‘Let the cat out of the bag’ and ‘Put (one’s) foot in (one’s) mouth’ (Useful Idioms!)

‘Let the cat out of the bag’ and ‘Put (one’s) foot in (one’s) mouth’ (Useful Idioms!)
Useful idioms - let the cat out of the bag / put (one's) foot in (one's) mouth - Thinking in English

Have you ever ‘let the cat out of the bag’? Or ‘put your foot in your mouth’? I guess everyone has at least once in their lifetime! Try these idioms out next time you tell someone a secret but shouldn’t have told them, or the next time you embarrass or offend someone!


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158. What was the Great Depression? (English Vocabulary Lesson) Thinking in English

CLICK HERE TO DONATE OR SUPPORT THE PODCAST!!!! – https://thinkinginenglish.blog/donate-and-support/ With the world currently experiencing a variety of economic problems, I thought it would be interesting to look at the worst economic crisis in modern history! What was the Great Depression? What caused it? And how did it end? Let’s discuss these questions and more on today’s episode on Thinking in English! TRANSCRIPT — https://thinkinginenglish.blog/2022/07/06/what-was-the-great-depression/ You may also like… 157. Why Do Countries Change Their Names? (English Vocabulary Lesson) 156. Should Owning a Dog Be Illegal!?!? (English Vocabulary Lesson) 155. What is an Endangered Language? (English Vocabulary Lesson) INSTAGRAM – thinkinginenglishpodcast (https://www.instagram.com/thinkinginenglishpodcast/)  Blog – thinkinginenglish.blog Vocabulary List Recession (n) – a period when the economy of a country is not successful and conditions for business are bad for months Much of the world fell into recession after the stock market crash in 2007 Depression (n) – a serious economic crisis in which there is very little business activity and little employment for years The world plunged into depression in the 1930s Downturn (n) – a reduction in the amount or success of something, such as the economy There is evidence of a downturn in the housing market Recklessly (adv) – in a way that is dangerous and shows that you are not thinking about the risks and results of behaviour She spends her money recklessly Production (n) –making or growing goods to be sold Wheat production has fallen over the past 6 months To trade (v) – buying and selling shares on the stock exchange The volume of stocks traded today was unusually high Makeshift (adj) – temporary and of low quality, but used because of sudden need Thousands of refugees are living in makeshift camps To stimulate (v) – to encourage something to grow, develop, or become active The government plans to cut taxes to stimulate the economy To devalue (v) – to reduce the rate at which money can be exchanged for foreign money The British pound was devalued and it caused a major economic crisis — Send in a voice message: https://anchor.fm/thinking-english/message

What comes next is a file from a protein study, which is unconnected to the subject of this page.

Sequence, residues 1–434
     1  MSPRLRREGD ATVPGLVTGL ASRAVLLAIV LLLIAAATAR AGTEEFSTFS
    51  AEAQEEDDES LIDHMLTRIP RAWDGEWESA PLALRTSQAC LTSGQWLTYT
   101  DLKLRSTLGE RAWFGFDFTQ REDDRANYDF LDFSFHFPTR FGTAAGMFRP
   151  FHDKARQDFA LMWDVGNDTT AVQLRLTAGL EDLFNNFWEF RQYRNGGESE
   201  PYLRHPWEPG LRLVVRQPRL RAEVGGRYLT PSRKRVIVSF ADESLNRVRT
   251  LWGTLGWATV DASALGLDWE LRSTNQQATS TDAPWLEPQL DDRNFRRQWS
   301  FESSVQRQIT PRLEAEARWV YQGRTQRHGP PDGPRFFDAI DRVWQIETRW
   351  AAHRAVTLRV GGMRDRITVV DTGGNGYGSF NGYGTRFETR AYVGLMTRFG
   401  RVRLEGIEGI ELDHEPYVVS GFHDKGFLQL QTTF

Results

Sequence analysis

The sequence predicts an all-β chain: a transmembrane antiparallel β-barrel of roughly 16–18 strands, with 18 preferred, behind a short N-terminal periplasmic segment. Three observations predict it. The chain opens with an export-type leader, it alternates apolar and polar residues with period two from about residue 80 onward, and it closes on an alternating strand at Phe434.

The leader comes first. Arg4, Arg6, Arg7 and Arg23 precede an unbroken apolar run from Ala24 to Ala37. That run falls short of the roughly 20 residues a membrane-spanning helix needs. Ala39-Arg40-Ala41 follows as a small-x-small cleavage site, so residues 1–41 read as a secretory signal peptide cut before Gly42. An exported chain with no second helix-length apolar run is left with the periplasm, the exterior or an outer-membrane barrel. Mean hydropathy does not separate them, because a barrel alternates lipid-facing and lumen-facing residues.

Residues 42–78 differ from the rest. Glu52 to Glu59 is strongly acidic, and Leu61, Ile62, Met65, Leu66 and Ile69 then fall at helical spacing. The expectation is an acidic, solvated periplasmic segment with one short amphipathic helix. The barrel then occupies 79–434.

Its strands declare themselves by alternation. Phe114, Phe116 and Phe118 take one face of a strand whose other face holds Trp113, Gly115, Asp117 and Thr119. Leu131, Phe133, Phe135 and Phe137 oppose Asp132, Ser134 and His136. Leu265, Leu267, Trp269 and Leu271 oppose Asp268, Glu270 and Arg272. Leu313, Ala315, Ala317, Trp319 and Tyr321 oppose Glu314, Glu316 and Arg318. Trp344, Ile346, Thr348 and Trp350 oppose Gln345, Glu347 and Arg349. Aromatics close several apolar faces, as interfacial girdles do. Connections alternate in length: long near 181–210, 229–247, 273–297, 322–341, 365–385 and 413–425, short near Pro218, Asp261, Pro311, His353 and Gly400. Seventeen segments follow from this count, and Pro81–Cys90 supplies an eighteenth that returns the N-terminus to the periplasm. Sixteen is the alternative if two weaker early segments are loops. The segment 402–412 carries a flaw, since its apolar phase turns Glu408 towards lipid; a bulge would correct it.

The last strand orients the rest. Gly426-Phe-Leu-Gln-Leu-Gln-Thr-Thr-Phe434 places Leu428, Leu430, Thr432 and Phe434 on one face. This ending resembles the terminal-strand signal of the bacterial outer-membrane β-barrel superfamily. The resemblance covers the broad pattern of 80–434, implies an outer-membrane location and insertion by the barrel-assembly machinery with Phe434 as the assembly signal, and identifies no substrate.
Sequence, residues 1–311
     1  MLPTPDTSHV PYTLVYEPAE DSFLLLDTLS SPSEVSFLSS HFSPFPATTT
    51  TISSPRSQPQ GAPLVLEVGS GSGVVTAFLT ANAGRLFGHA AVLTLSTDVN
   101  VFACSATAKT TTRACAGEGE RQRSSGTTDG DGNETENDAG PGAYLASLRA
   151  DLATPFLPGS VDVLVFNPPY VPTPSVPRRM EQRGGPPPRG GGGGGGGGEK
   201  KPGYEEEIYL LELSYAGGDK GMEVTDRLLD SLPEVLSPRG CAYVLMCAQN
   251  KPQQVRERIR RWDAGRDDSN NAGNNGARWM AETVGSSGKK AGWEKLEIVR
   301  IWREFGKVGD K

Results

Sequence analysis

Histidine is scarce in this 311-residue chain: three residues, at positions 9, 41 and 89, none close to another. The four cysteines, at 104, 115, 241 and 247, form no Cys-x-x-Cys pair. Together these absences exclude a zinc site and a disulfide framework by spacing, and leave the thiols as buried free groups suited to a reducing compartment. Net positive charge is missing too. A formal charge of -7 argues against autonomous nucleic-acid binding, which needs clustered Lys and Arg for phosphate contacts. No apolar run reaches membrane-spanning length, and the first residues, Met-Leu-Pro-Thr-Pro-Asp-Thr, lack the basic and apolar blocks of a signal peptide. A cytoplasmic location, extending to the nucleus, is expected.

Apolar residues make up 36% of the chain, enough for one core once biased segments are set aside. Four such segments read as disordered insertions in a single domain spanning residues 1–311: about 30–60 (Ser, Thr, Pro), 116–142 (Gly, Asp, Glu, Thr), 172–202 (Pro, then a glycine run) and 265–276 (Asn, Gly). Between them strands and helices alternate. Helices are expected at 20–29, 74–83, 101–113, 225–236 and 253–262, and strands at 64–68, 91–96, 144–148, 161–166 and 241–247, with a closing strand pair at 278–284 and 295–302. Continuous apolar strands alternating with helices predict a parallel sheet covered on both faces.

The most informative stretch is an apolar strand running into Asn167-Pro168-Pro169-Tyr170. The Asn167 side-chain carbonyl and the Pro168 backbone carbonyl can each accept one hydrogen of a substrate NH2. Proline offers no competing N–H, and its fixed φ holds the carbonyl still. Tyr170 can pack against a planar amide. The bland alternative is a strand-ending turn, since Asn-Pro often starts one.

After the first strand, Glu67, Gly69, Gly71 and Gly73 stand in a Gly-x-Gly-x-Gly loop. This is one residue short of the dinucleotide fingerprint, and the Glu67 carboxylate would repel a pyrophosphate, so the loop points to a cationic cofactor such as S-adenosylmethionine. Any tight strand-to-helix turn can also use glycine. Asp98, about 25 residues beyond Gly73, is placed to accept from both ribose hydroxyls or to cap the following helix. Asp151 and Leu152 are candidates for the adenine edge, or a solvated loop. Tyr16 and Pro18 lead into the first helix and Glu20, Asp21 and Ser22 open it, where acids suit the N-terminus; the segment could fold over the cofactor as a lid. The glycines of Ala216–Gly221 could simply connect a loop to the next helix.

1. 158. What was the Great Depression? (English Vocabulary Lesson)
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  3. What is Cultural Literacy??: The KEY to Becoming Fluent in English!!
  4. 157. Why Do Countries Change Their Names? (English Vocabulary Lesson)
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